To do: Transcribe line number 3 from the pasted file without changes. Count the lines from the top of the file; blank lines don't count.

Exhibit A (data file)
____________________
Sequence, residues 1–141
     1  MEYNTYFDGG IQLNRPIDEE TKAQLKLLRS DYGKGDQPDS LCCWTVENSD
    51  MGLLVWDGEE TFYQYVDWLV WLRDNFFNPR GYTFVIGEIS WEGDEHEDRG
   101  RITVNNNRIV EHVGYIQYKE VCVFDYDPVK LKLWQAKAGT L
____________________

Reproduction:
    51  MGLLVWDGEE TFYQYVDWLV WLRDNFFNPR GYTFVIGEIS WEGDEHEDRG